I finished my MBA in 2003, at the tender age of 22. Not surprisingly, I hated business school, although I was very good at business (and at school) and had graduated in the top 5% of my class. I had no idea what I wanted to do with myself at that point.
Through a series of coincidences, that I won't get into here, I ended up moving to Austin, Texas and - after a brief stint as a waitress in an Italian restaurant - got a job as Proposal Writer and Director of an HIV prevention program at a local NGO. Again, there are hundreds of stories associated with my time in Austin (bad relationship, crazy job), but suffice to say that I burned out after working nearly 2 years with the intense, high-risk communities that were the target of our programs.
That's when I got the call, from a long-lost friend from my business school days in Rio. He was living in Chimoio, Mozambique and was working as a freelance consultant doing fundraising for private sector agribusiness projects along with another classmate of ours from back in the day. Bruno, my friend who called, wanted to know if I wanted to move to Mozambique to work with him and our other classmate, who was Ricardo. I didn't hesitate even 5 seconds. Yes. I was in for the adventure.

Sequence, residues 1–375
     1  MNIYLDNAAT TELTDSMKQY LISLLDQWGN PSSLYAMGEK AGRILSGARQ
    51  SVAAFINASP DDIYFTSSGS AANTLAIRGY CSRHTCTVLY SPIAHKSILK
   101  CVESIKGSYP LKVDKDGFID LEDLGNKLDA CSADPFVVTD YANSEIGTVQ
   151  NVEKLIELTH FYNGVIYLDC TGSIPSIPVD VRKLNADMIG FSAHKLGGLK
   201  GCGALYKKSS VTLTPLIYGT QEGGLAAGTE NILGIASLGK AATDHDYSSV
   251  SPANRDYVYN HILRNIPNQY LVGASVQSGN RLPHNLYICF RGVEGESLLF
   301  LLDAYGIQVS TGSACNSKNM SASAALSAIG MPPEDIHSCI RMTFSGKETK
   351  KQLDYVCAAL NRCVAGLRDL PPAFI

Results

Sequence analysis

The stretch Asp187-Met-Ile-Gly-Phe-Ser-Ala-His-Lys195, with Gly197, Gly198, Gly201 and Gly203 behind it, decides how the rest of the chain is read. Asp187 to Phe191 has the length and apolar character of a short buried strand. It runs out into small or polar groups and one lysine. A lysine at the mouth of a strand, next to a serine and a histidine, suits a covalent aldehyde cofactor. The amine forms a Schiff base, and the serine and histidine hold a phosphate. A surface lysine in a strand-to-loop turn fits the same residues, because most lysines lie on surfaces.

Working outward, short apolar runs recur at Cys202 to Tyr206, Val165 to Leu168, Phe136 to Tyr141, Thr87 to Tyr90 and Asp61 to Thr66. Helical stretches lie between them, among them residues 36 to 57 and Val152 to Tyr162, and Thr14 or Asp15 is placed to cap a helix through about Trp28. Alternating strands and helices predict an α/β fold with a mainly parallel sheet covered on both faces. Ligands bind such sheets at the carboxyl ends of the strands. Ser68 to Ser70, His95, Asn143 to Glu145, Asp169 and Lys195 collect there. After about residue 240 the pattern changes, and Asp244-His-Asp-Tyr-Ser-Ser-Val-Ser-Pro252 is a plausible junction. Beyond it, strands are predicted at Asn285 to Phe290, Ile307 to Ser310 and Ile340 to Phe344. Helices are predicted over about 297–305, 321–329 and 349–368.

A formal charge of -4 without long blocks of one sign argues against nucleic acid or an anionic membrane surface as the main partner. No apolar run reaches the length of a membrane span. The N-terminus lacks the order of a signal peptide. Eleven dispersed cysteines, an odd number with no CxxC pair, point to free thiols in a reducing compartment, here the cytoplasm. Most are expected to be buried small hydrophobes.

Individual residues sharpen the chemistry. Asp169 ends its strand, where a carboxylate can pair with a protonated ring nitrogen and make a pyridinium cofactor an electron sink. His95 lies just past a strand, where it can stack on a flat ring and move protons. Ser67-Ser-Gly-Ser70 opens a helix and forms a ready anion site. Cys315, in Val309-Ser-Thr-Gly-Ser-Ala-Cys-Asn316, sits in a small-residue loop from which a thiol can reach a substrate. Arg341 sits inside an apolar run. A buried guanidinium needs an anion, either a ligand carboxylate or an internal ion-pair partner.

And so I moved to Mozambique in 2005, full of high hopes and idealism, and put my MBA and entrepreneurial spirit to good use. That led - in a nutshell - to getting married to Rico and figuring out, after a 4 year run, that I don't want to work in the development world. It also led to discovering my passion for jewelry and taking my creative side more seriously.
So, the bottom line of this rambling post is the following: without all those twists and turns, coincidences and confluences of experiences, I would not be where I am today. It all comes together, full circle. Discovering myself and my true calling is an ongoing process, impossible without the multiple wrong turns and erroneous paths of the past to shape my vision and determine my way.
Looking back, sometimes I think, "Why didn't I just study art in the first place?" The answer is deceptively simple: Because I wasn't meant to. All of the elements of my path thus far have been necessary to prepare me for a successful incarnation as an artist. I've found my creative vision (thanks to Mozambique, the trade beads from Ilha, and the cultural fusion that defines expat experiences as well as my jewelry inspiration), I've honed my business sense (thanks mostly to the experience of being a self-employed consultant for the last 4 years, but also to my MBA and my entrepreneurial bouts inbetween), and I've recognized and put all of my faith and heart in the importance of DOING WHAT YOU LOVE, not necessarily WHAT YOU ARE GOOD AT. There is a critical difference therewith, and it's taken me this long to see it, much less embrace it. However, I don't lament any lost time; things come together when they are meant to, and in that I take great pride.